Why is the sky blue?

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The sky around us has no color at all, but appears blue due to the reflection of sunlight. But the sun isn’t blue at all, is it? correct. Our star emits white light, which, in fact, consists of all the colors of the rainbow. However, we usually don’t see all of those colors at the same time.

Scattering creates a blue sky

So why is the sky blue? This has to do with the scattering of light. This means that light particles from the sun in the atmosphere collide with air particles and are thus reflected in all directions.

But not every color in sunlight disperses in the same way. For example, blue light has a shorter wavelength, so it hits air molecules more often and is scattered more than red light, for example. Blue light is scattered throughout the atmosphere and reaches our eyes from all sides. This is why the sky is blue, not red or purple. The sea is also blue due to the scattering and reflection of sunlight.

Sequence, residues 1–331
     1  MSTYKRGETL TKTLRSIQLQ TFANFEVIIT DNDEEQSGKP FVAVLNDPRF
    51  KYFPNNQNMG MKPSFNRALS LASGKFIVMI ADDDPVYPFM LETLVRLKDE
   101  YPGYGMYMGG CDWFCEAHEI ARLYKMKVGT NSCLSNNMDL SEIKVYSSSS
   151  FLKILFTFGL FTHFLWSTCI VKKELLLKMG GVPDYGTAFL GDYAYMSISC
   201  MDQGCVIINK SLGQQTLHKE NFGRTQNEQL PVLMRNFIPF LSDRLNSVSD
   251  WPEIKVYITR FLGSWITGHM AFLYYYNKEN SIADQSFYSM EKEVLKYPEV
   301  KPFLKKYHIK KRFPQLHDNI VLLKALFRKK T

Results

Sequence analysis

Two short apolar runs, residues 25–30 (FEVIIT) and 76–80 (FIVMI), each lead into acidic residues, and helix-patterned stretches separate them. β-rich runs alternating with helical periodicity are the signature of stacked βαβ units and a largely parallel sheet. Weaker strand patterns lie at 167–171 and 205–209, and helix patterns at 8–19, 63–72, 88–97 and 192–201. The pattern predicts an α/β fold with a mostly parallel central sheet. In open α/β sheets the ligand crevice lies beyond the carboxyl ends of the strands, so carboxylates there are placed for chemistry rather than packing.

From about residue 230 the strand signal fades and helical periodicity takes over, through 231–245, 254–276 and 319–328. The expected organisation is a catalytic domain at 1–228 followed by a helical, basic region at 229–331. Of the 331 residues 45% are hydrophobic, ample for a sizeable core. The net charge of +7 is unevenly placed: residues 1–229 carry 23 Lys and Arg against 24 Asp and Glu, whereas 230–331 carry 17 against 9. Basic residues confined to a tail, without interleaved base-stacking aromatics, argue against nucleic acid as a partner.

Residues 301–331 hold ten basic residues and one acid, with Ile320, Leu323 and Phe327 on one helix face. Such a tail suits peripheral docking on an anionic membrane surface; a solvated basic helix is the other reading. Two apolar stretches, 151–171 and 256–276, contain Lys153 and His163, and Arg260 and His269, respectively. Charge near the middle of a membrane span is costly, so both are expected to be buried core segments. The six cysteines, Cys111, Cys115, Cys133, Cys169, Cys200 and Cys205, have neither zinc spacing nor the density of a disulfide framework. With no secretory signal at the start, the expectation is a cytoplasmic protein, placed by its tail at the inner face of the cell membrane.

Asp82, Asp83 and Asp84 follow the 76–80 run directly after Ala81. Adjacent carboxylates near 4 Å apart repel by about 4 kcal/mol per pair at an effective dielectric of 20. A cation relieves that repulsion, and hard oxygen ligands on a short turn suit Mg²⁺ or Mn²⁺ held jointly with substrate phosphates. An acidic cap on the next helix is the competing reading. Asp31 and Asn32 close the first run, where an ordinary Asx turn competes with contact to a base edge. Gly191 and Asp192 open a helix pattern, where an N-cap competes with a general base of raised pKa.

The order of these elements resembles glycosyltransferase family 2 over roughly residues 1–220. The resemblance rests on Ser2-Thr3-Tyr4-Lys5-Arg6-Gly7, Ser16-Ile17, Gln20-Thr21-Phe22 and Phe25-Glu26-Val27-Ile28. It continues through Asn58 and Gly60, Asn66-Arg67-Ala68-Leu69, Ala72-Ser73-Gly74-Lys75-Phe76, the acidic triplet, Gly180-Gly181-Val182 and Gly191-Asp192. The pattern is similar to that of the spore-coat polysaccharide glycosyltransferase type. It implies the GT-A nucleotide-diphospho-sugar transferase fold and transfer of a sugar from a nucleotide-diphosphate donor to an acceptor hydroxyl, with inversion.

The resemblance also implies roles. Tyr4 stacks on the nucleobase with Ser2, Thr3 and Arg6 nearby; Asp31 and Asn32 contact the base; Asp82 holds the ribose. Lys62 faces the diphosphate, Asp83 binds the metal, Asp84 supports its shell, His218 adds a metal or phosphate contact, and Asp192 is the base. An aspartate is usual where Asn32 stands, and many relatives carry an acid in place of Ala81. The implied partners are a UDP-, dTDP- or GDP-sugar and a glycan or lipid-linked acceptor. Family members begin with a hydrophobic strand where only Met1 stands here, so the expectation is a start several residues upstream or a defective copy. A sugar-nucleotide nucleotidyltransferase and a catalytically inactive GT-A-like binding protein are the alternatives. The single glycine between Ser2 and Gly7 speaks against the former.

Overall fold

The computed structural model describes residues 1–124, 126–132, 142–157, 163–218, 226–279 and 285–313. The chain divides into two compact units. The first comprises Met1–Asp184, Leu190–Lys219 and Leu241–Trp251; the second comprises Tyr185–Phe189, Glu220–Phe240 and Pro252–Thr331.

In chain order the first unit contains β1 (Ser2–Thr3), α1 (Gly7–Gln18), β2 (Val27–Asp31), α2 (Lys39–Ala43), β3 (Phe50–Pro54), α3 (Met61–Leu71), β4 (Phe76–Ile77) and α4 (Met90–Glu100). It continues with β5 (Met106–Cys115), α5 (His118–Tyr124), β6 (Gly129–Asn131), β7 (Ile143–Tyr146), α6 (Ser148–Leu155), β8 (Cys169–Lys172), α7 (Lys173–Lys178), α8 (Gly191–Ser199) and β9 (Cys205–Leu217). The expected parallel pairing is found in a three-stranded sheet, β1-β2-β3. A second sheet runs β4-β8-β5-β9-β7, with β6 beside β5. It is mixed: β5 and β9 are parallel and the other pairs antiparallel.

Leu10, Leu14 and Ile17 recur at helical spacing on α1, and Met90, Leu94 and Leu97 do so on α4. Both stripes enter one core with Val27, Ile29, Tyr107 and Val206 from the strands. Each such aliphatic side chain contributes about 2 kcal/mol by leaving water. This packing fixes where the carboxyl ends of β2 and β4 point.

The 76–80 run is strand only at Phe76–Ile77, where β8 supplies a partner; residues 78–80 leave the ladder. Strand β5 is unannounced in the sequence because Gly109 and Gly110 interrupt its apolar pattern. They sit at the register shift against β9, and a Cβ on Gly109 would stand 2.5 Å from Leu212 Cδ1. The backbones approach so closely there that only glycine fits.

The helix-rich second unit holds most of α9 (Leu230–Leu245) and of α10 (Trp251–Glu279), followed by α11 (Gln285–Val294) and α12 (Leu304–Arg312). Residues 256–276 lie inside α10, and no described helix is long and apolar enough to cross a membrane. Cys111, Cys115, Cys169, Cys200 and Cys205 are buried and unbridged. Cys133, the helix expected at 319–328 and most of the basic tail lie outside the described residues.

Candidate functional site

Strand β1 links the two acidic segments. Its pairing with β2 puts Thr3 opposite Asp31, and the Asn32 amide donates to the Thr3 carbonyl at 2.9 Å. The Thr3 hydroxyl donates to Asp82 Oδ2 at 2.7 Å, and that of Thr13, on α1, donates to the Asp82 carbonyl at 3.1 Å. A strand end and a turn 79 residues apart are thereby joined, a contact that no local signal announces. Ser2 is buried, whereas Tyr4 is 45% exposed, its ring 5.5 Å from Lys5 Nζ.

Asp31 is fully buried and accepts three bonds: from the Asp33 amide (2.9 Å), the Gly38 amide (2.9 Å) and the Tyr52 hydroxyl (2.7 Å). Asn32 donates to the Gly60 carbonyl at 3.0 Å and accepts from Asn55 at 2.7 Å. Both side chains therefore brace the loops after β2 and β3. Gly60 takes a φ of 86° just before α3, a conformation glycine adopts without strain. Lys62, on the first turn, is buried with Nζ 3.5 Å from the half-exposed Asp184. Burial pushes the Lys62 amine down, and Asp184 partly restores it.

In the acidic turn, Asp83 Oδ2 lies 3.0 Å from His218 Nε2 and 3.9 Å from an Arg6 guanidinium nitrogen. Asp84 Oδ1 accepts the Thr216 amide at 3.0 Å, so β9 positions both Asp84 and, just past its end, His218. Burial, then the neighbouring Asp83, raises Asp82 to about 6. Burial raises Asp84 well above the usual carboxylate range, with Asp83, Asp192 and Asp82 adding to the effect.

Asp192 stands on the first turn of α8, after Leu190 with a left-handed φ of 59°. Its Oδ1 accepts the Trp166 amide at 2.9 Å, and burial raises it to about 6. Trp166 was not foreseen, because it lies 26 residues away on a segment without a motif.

In winter the sky is bluer than in summer

In winter, the sky is usually bluer than in summer. Warmer air contains more moisture molecules, which scatter blue light more. This makes the sky appear less bright to us. In winter the air is generally drier and therefore the sky becomes bluer.

Why is the sunset red?

When evening comes and the sun sets, the sky turns orange and red. What about this? At sunrise and sunset, the sun makes a greater angle with the earth, so that sunlight has to travel a longer distance through the atmosphere. This ensures additional scattering of blue light, which, as it were, is filtered into the atmosphere. Red and orange are scattered less and, in the absence of blue, are more visible to the naked eye.

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Rainbow colors are also created by scattering of light. In this case, the sun’s rays are refracted by raindrops, so you see not only blue, but also red, yellow, orange, green and purple.

Also interesting: How are the northern lights created?

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